-Use jail alternatives, such as dedicated jail/treatment facilities, home detention with electronic monitoring or intensive supervision probation.

“This is building future leaders for the state in prevention,” said Cooper. “Some of these kids now are social workers or getting master’s degrees and doing things. They’re taking what they learned and moving on.”
Continue reading →

Published on:

A 16-year-old girl lost her life this past weekend after she reportedly lost control of her vehicle and was struck by two oncoming vehicles. The crash happened when she went though the median and through the cable-wire barrier of the Interstate. State police are still investigating the accident. They have concluded that the teen driver was not wearing her seat belt at the time of the crash.

These accidents are not uncommon among our teen drivers. Teens are more vulnerable for a car accident in Tennessee and elsewhere because of their lack of driving experience. They’re also more likely to participate in distracted driving behaviors and to ignore roadway rules and regulations.

Our Maryville personal injury attorneys would like to warn teens and parents about the increased risk of motor-vehicle accidents during the summer months. With prom, graduation and summer break approaching, teen drivers will be hitting our roadways in full force. It is no surprise that these months provide the 100 most dangerous days for teen drivers on our roadways.

An autopsy on the teen driver indicated the she died “as the result of neck and chest trauma,” according to the coroner’s office. Routine toxicology testing will be conducted in order to determine if alcohol or drugs were a factor in the crash,

The father of the teen driver is responding to reports and articles that claim that his daughter was on the phone right before the accident.

“She was not texting and talking on her phone,” said Barry Budwell, the teen’s father. “That’s the first thing I have to hear about, and that’s wrong.”

After analyzing crash data from the Insurance Institute for Highway Safety (IIHS), the Allstate Foundation discovered that May 20 is the deadliest day for teens on our roadways. This day took the lives of 63 percent more teen lives than average over the past five years.

Because of the increased traffic of teen drivers in the summer, May through August prove to be most deadly. There are 100 days between Memorial Day and Labor Day that have bee coined as the deadliest for teen drivers.

Data from the IIHS also concludes that roughly 60 percent of teen passenger deaths occur in vehicles that are driven by another teen. Other studies concluded that more than 75 percent of teens confess that they feel unsafe while riding with another teen driver.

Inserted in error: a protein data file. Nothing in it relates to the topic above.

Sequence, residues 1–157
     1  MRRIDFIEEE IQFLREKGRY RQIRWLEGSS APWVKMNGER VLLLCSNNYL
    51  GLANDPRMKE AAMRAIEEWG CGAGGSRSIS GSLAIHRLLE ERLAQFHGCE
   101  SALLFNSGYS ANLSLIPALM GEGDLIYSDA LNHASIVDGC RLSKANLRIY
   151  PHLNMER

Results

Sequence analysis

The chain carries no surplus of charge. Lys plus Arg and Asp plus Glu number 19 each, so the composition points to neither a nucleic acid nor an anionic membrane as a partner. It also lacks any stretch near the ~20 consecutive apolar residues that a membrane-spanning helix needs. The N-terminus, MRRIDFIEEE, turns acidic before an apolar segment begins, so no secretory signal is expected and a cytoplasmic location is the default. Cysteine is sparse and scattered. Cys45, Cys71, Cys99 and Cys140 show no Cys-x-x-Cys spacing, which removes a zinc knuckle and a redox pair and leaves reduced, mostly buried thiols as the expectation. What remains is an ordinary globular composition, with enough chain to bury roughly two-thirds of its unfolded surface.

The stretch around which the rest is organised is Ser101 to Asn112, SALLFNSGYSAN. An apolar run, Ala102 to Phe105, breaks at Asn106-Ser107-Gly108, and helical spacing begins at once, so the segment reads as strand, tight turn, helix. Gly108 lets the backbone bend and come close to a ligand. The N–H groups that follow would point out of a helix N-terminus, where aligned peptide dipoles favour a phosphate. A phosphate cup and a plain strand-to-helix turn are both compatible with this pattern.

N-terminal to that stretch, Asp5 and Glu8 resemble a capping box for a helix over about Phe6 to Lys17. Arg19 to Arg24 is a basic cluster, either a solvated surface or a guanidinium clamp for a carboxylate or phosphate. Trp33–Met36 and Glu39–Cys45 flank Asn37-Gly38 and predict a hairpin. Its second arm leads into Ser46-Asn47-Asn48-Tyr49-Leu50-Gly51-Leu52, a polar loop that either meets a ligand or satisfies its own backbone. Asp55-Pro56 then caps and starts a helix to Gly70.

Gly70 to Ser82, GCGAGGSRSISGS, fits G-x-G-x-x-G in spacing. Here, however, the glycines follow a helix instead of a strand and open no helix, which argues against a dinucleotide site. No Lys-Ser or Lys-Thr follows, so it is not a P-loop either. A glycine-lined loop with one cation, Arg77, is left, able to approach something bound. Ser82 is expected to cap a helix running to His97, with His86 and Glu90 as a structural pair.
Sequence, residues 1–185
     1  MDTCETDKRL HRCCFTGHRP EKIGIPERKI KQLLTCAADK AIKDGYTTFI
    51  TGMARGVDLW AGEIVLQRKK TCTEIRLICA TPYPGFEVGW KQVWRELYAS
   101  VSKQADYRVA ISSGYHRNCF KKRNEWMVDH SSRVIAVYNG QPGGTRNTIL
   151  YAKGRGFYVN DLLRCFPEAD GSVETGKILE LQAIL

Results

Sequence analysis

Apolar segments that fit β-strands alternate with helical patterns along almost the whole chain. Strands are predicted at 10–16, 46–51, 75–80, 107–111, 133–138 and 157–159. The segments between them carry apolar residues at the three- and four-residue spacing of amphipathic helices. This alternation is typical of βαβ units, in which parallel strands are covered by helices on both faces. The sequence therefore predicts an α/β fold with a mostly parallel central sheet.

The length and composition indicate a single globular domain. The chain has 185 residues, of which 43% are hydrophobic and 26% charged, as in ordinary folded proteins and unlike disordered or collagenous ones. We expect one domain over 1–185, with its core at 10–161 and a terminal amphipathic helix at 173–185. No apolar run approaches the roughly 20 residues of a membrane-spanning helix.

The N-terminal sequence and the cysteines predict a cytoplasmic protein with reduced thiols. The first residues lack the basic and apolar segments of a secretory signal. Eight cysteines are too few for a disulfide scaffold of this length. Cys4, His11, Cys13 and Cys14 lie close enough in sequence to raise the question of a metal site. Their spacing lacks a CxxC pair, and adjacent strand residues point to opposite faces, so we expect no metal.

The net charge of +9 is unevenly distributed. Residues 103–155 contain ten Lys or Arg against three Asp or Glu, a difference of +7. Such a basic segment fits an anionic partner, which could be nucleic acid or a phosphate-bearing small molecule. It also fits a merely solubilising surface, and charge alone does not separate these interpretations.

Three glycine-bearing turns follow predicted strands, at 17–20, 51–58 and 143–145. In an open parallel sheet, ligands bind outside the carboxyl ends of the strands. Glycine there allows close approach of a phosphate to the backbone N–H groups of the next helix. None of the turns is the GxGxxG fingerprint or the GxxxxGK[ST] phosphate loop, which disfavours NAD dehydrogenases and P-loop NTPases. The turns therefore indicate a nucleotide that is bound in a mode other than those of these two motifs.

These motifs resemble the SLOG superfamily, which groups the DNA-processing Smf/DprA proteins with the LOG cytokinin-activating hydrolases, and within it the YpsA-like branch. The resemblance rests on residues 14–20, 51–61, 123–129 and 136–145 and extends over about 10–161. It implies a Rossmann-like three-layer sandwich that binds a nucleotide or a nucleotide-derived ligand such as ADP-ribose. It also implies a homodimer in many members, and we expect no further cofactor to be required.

Motor-vehicle accidents continue to be the number one cause of death for teens in the United States. These accidents take more lives than cancer, heart disease and AIDS altogether. Every year, roughly 6,000 teens die in traffic accidents. This means about 16 teens die because of car accidents every day. More than 300,000 teens suffer injuries from these accidents every year. Overall, teens are involved in three times are more fatal accidents than any other age group of drivers.

According to the National Highway Traffic Safety Administration, 158 teens died in Tennessee traffic accidents in 2009 alone.
Continue reading →

Published on:

Three freshmen of Trousdale County High School were killed in a Tennessee traffic accident, according to The Tennessean. Their pickup truck collided with a semi-tractor trailer between Hartsville and Lebanon on Highway 141.

Tennessee Highway Patrol office in Cookeville reports that the teen driver and his two passengers were heading northbound in 141 in a pickup truck when he lost control of the vehicle and went off the road and onto the shoulder. He overcorrected and crossed the center line and headed into the southbound lane. That is where a southbound tractor-trailer struck the passenger side of the pickup. The accident occurred right before 1:00 p.m. and closed the highway for quite some time.

Knoxville accident attorneys understand that teen drivers have less experience and more distractions, making them especially vulnerable to serious accidents. With the end of the school year approaching, prom, graduation and summer break will increase the risk of car accidents involving young drivers.

Two of the teen occupants in the truck were killed immediately. A third teen was ejected from the truck and later pronounced dead at the Vanderbilt University Medical Center.

According to Tennessee Highway Patrol, the semi-truck driver was not injured. Alcohol and drugs tests are being done on both drivers.

According to the National Highway Traffic Safety Association, there were more than 208 million licensed drivers in 2008 on the roads of the United States. It is estimated that young drivers, between the ages of 15 and 20-year-old, made up more than 6 percent, or more than 13 million, of the total number of drivers. The number of teen drivers increased more than 5 percent since 1999.

Nearly 2,500 15- to 20-year-old drivers were killed, and 196,000 were injured in traffic accidents in 2009. Nearly 200 teens were killed in traffic accidents that involved a teen driver in Tennessee in 2009.

We encourage parents to talk with your teen about the responsibilities of driving and the consequences of making poor decisions behind the wheel. To help you establish some safe driving ground rules, the AAA Foundation offers this parent-teen driving agreement.
Continue reading →

Contact Information